UK: In a shift from earlier policy, the UK is set to eliminate the two-week self-isolation period for select international travellers.
The government seems set to ditch potential air bridge plans to allow unrestricted travel from a list of potentially 75 different countries.
Initial hints of the policy were revealed last Friday, when the government announced it would eliminate the 14-day quarantine for arrivals from France, Germany and Spain. This was part of the government’s air bridge plan, allowing for British and foreign travellers to fly internationally to countries with specific, reciprocal travel arrangements.
Now, however, the government has eliminated the need for these arrangements, allowing quarantine-free travel to a list of countries set to be released Thursday or Friday. This only applies to UK returns, as the various countries will continue to implement their own border controls and regulations.
The European Union, British Overseas Territories, Turkey, Thailand, Australia and New Zealand are expected to make up the first green list. The US, Brazil, Sweden and Russia will all be on a red list, requiring these travellers to quarantine.
The initial air bridge plan drew criticism for its difficulty in implementation, primarily with regard to the EU. Some worried that creating a list with specific exempt countries could cause diplomatic trouble.
Paul Charles, spokesman for the Quash Quarantine advocacy group, said to The Telegraph: “We have said all along that air bridges were unsustainable in Europe because you can’t restrict people travelling in the EU or Schengen. It’s sensible and logical and I wish we could have had it earlier.”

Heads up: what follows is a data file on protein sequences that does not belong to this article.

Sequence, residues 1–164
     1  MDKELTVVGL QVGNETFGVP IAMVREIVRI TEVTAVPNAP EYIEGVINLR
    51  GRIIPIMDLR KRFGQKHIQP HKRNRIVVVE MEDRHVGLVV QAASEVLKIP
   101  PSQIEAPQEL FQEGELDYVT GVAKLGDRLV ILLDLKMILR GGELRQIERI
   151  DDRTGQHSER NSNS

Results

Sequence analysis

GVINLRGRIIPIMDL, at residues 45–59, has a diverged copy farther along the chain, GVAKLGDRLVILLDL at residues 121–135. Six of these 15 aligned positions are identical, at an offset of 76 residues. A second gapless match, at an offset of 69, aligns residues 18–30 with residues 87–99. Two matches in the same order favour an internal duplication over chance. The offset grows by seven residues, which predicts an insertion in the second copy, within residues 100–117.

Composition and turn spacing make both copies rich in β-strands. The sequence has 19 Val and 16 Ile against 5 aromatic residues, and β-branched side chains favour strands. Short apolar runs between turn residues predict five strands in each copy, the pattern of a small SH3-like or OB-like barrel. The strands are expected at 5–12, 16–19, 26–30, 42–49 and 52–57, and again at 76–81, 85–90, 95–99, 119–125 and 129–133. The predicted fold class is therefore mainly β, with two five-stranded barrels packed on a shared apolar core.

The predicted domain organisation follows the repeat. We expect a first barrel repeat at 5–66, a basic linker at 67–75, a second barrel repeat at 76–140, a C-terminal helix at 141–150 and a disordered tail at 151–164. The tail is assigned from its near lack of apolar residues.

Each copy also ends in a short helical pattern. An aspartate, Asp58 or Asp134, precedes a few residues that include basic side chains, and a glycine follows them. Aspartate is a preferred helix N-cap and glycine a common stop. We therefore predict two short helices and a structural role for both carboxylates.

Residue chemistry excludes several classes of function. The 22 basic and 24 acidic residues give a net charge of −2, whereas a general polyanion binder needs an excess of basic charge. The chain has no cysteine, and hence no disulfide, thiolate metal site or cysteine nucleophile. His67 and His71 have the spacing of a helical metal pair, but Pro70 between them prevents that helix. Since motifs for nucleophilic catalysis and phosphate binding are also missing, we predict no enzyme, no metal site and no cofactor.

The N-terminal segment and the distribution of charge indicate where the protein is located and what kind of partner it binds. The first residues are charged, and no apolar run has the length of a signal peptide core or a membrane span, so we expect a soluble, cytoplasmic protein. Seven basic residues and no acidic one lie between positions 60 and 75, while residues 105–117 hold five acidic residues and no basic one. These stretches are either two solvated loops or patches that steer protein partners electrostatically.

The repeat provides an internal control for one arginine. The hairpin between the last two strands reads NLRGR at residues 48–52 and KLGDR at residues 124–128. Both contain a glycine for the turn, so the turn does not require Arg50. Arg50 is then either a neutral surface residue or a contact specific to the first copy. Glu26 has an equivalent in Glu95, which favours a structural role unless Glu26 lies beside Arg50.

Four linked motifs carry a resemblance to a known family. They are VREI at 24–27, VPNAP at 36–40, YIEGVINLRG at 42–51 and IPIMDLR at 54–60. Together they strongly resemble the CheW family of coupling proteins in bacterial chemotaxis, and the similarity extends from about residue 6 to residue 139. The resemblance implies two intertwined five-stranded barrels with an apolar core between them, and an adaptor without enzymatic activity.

An announcement was expected earlier this week but was delayed after First Minister Nicola Sturgeon objected to the list’s growing size. Sturgeon notably retains the right to quarantine English visitors to Scotland but said she will make clear her reasoning if she objects to the plan.
Ireland may also lay in place restrictions against UK travellers, as the government is reportedly working on its own potential travel list. Since the UK currently has a higher infection rate, visitors may still be required to self-isolate when crossing the border.
As the government attempts to reboot hospitality later this week, many businesses see this new policy as potentially essential clarification. The transport secretary’s announcement this week is set to trigger the Foreign Office’s shift in the international no-go policy.